Seven Sci-Fi Heroines from Silent Films to Mad Max

Lately, from Caitlyn Jenner’s new Twitter account to Charlize Theron’s road-rage character  in the new Mad Max film, Americans seem obsessed with gender-bending. But Theron’s sci-fi feminist heroine isn’t all that groundbreaking. And, that’s business as usual for the movie business. Hollywood heroines are the last to catch on. Here are seven films that make the case for how female sci-fi heroes have transformed from willowy window dressing to being rougher than Rambo.

#7.  The Lost World (1925).  In 1920 women got the vote. But as far as Hollywood was concerned, as part of the show, they are pretty much there for show. This film adaption of the Arthur Conan Doyle story about a plateau populated by dinosaurs (think Jurassic World without sound) was one of the first Hollywood studio science-fiction hits. Bessie Love plays Paula White, whose main purpose seems to be making terrified faces in front of the Triceratops. Paula’s pet monkey Jocko plays a more prominent role in the plot.

#6. King Kong (1933).  This monster movie wowed critics and audiences.  “One of the very best of all the screen thrillers, done with all the cinema’s slickest camera tricks,” raved the New York World-TelegramKing Kong also set the standard for Hollywood’s women in peril. While Amelia Earhart was making headlines as a daredevil aviatrix and real-life heroine, there are no females piloting the planes taking pot-shots at the Empire State Building. Instead, the heroine’s job was to be threatened by the monster and saved by the hero.  Nobody did it better than Ann Darrow (Fay Wray) — her screaming is unmatched in cinematic film history.

#5. Not of This Earth (1957).  The 1950s was the heyday of Hollywood science fiction films. In the real world, there were plenty of strong women role models. Golda Meir was a rising political star in Israel. In America, Rosa Parks made history inspiring the American civil rights movement. And there were strong stoic women on the screen. But they didn’t do much other than look strong and stoic.  Patricia Neal was unfazed by aliens in The Day the Earth Stood Still. Margaret Sheridan stood by her man in The Thing.  But, one of the very best tough cookies was B-movie queen Beverly Garland. In Not of This Earth, an alien comes to earth to collect human blood for his dying planet. Garland still has to get saved by the hero, but at least she doesn’t lapse into screaming delirium like Fay Wray.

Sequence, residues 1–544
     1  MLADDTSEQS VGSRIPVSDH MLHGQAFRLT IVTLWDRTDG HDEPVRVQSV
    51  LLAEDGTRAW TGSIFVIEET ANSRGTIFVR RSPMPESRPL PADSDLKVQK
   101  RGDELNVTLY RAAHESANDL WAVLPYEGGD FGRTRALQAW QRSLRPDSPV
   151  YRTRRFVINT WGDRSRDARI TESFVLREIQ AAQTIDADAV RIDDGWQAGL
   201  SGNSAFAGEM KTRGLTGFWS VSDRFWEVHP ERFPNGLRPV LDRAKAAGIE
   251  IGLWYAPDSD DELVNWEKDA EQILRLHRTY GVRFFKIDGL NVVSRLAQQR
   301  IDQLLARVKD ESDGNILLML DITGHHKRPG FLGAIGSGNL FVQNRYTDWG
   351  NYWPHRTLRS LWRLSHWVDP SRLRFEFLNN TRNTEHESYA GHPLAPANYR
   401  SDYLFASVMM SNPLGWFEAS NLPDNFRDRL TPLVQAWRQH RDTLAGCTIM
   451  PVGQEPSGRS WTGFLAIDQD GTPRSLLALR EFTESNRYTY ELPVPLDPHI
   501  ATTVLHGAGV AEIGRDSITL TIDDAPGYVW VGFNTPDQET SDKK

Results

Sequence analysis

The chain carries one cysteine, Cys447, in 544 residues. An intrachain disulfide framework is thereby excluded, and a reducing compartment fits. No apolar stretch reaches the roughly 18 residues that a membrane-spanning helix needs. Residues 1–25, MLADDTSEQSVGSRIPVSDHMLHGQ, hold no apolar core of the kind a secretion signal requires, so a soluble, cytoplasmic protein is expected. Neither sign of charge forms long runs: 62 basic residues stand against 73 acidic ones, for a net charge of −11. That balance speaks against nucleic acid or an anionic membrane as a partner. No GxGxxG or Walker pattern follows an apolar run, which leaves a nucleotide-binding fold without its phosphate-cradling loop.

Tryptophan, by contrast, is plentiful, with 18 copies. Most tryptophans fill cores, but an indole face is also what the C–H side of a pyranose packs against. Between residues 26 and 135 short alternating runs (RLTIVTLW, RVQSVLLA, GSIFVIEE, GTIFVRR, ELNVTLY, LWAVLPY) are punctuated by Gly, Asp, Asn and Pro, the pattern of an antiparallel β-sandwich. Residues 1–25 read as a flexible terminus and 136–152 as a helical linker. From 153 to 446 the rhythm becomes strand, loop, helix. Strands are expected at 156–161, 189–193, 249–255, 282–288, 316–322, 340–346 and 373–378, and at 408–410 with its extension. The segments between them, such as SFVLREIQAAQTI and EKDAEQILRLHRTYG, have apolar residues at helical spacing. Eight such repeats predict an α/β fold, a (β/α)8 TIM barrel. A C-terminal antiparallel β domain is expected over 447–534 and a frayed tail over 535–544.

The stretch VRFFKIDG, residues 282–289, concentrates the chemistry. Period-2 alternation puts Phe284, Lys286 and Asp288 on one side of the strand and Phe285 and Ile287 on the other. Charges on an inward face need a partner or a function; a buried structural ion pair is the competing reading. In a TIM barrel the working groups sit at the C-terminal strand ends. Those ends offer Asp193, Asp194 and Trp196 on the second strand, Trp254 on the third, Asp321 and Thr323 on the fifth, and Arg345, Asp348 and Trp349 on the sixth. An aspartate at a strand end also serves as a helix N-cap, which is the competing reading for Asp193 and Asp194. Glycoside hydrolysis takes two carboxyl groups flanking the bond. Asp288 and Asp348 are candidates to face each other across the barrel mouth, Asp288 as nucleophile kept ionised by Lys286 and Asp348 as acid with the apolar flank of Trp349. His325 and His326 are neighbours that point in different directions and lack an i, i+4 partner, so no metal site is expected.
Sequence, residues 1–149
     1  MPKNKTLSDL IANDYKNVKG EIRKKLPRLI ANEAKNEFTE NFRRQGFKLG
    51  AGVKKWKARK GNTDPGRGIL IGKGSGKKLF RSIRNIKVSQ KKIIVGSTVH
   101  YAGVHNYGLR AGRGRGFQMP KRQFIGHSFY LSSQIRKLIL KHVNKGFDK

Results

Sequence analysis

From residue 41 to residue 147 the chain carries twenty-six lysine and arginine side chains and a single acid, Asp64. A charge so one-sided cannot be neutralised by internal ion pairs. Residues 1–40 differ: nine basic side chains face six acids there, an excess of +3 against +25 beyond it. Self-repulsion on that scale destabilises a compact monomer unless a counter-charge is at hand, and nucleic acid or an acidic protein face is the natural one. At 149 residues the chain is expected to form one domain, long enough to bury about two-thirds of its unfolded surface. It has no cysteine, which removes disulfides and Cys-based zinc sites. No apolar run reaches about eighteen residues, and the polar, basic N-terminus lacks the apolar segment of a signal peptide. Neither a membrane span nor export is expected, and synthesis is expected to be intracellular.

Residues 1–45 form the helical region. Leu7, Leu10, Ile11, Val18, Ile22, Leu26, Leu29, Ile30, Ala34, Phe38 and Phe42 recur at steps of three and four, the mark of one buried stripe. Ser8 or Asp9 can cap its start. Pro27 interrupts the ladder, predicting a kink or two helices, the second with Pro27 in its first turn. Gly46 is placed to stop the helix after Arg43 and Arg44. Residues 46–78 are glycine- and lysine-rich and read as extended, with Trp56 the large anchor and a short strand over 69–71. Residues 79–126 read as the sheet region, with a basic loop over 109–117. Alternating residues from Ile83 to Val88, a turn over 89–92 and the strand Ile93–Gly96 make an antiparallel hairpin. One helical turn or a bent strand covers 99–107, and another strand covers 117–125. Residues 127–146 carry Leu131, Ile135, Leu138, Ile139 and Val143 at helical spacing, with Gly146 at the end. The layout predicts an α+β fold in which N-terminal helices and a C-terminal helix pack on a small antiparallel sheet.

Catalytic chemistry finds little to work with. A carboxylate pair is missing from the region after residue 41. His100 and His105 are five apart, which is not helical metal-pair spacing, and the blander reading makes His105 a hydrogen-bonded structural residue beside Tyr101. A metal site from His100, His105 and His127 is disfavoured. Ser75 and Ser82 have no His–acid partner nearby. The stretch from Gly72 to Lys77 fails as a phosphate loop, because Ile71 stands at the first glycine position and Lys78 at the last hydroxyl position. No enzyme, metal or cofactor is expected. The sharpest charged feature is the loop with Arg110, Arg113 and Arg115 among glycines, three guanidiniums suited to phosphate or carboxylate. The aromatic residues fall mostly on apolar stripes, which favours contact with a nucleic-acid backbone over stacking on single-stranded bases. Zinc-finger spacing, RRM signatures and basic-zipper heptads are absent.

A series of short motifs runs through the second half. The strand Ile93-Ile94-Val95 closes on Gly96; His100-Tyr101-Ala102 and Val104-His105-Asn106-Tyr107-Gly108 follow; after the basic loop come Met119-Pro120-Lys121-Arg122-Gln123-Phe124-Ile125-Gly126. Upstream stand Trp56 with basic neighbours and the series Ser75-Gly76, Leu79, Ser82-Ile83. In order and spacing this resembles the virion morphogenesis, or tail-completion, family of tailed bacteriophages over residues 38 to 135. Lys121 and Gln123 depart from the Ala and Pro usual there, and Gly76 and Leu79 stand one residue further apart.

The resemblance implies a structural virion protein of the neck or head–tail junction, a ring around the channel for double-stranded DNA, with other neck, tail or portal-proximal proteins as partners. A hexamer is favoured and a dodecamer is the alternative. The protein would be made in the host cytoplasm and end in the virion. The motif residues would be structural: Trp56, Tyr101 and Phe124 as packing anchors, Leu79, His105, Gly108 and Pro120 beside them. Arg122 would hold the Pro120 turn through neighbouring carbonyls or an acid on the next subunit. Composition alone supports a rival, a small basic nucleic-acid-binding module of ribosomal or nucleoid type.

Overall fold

#4. Barbarella (1968).  In the 1960s, American women were breaking barriers, fighting for equal pay and equality before the law.  The best Hollywood could cook up was Jane Fonda as a space sexpot.  This cheesy movie had little to offer other than Ho Chi Minh’s favorite screen actress finding innumerable reasons to shed clothes onscreen.

#3. Alien (1979).  Five years before this film hit the screen, Golda Meir left office as the head of her country after leading the nation through some its most trying times including a harrowing war in 1973.  But while women were running countries, they still were having a tough time gaining respect in sci-fi movie scripts.  Along came Sigourney Weaver’s Lieutenant Ripley. This space pilot does not flee in the face of the alien menace hitchhiking a ride on her rocket ship. In the end, she kicks some alien butt.  Ripley’s strong character, however, only emerges gradually over the course of the film.  The fact that the audience is surprised at who the movie’s real hero is really shows just how novel real women heroines still were after over seventy years of American film history.

#2. Aliens (1986). Ripley is back. This time there is no question who is in charge here. Forget the space marines sent to handle the alien infestation that breaks out on a colonized planet. Ellen Ripley is the real warrior. In fact, she proves tougher than the film’s nominal male hero (Corporal Hicks) who mostly just follows her lead.  Movie women have come a long way since Bessie Love was upstaged by Jocko the monkey.

#1. Terminator II (1991).  Charlize Theron’s character Furiosa in Mad Max: Fury Road has nothing on Linda Hamilton’s Sarah Connor. In the original film  about a robot sent from the future to take out Sarah (as in Alien), the courage of the female hero emerges over the course of the film.  At the start of the sequel, however, Hamilton’s character starts out as one mean, crazy, single-minded serious person that you do not want to mess with.  Sarah Connor is basically Indiana Jones without a sense of humor.

Today, there is nothing remarkable about seeing sci-fi heroines on the silver screen pulling their weight. A shaved head and robotic arm hardly make Furiosa an interesting or novel character.  Hollywood is still just following trends.